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Old 05-07-2003, 11:51 PM   #1
lostboy
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Question Is there a file that Linux writes upon boot that is the EXACT text as the boot screen


None of the files in ' var / log ' are what I'm looking for. None of them match what I see on the screen upon boot up. I have created my own file with ' dmesg > boot.txt ', and it confirms this.

My screen go's by quickly, but I can see enough of it to know that this is true. I see quite a few things going wrong on boot, and none of it shows up in my file ' boot.txt ' or ' messages ' in var/log .

Does anyone know how I can get an exact copy of the boot screen ?

JC
 
Old 05-08-2003, 01:22 AM   #2
jayakrishnan
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dmesg and message files
 
Old 05-08-2003, 01:49 AM   #3
Crashed_Again
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Yeah jayakrishnan is right. I failed to realize from your previous post that there is a file(/var/log/dmesg) that has what you need.

Sorry about that.
 
Old 05-08-2003, 11:35 AM   #4
lostboy
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Look guys, I don't know what is going on here, but I can assure you that I DO NOT SEE what happens on the screen during boot, in ' var/log/messages ' OR , at the prompt , typing ' dmesg ' .

I hope that clears things up. What you have mentioned is NOT what I am looking for.

It is not my imagination. I see things on the boot screen that DO NOT appear in either of those files. And I really need to see the EXACT contents of the boot screen so that I can track down some problems.

I do not know why the things that I see are not in there. I'm new to Linux (2 1/2 months). But I can promise you that I am correct with my observations.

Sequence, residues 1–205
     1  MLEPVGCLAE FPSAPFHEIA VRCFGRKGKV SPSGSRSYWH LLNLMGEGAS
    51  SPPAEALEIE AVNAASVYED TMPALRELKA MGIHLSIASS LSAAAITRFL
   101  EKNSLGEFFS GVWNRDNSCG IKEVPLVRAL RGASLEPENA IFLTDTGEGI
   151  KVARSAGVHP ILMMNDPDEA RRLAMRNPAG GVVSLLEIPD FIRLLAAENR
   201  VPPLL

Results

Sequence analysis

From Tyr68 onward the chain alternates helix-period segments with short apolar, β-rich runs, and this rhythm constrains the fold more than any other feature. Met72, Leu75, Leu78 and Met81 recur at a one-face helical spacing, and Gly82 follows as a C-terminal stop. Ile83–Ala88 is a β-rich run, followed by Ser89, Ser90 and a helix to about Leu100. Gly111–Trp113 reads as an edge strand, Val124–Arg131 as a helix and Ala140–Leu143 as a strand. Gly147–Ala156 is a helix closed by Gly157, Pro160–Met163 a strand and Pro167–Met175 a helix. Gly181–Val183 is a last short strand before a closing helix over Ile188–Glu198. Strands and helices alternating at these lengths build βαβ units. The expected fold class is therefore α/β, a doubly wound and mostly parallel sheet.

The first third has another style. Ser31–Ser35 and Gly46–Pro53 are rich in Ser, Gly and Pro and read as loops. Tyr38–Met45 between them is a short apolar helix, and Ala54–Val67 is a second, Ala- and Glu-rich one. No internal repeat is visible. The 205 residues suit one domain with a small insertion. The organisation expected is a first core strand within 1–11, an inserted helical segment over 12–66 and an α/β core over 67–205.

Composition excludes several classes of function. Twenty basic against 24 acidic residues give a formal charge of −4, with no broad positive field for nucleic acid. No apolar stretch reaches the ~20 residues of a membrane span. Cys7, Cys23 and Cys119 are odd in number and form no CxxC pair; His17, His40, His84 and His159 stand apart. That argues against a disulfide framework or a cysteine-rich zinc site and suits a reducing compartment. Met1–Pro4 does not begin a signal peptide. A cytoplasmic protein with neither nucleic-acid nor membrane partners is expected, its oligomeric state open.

For example: " Can't locate device number or fs type "
and: " devpnts has wrong device number or fs type. devpnts not supported."

I wrote both of those statements after seeing them on the boot screen. I saw it with my own eyes, and wrote it down. Neither of those statements appear ANYWHERE in ANY of the files in ' var/log/ ', so please stop telling me to look at things which I know do not contain what I am looking for.

I don't know if there is any difference between what Slack does, and what Redhat does ( I noticed that both of you have Redhat), but I know that I am right in what I have stated.

Thank you,

JC
 
Old 05-08-2003, 03:39 PM   #5
TigerOC
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I am also looking for the same answer. I have never been able to locate this info either.
 
Old 05-08-2003, 11:19 PM   #6
lostboy
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At last ! Someone who is in the same boat. What I think that I have come up with so far is that there is a size limit on the file that ' dmeg ' displays. When I look at mine, it is obvious that it is cut off at the end of it.

I just wish that I knew where to change the size limit.

JC
 
Old 05-09-2003, 12:16 AM   #7
Crashed_Again
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What do you want to see the little green okays?
 
Old 05-09-2003, 12:23 AM   #8
lostboy
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"What do you want to see the little green okays ?"

Well Crashed_Again, that would not be possible for me, since I am running Slack 9.0. From what I've seen you only see that stuff in Redat, Suse, Mandrake etc.

So no, those don't interest me.
Solving my problems, does however interest me.

JC
 
Old 05-09-2003, 02:13 PM   #9
Franklin